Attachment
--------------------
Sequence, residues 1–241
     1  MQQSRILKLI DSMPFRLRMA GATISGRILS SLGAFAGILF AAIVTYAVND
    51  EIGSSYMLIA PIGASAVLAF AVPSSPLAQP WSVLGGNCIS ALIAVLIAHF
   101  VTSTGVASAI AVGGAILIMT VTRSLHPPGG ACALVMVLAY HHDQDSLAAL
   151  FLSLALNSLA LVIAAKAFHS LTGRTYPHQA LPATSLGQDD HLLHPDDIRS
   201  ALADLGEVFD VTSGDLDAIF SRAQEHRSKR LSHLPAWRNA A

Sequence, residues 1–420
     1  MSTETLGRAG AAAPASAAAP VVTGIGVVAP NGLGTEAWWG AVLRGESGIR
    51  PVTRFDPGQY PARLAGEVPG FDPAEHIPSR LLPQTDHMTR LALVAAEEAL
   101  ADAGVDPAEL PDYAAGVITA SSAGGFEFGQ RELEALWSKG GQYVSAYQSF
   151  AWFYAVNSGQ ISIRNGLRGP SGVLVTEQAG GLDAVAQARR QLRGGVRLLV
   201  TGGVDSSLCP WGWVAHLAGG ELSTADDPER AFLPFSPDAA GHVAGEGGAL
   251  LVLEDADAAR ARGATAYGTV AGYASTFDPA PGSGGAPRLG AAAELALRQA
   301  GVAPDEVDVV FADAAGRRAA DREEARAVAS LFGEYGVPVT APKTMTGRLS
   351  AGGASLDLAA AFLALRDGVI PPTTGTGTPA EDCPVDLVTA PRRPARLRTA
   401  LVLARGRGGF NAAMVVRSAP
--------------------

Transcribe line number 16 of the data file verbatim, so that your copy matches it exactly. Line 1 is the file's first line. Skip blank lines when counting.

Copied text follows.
   401  LVLARGRGGF NAAMVVRSAP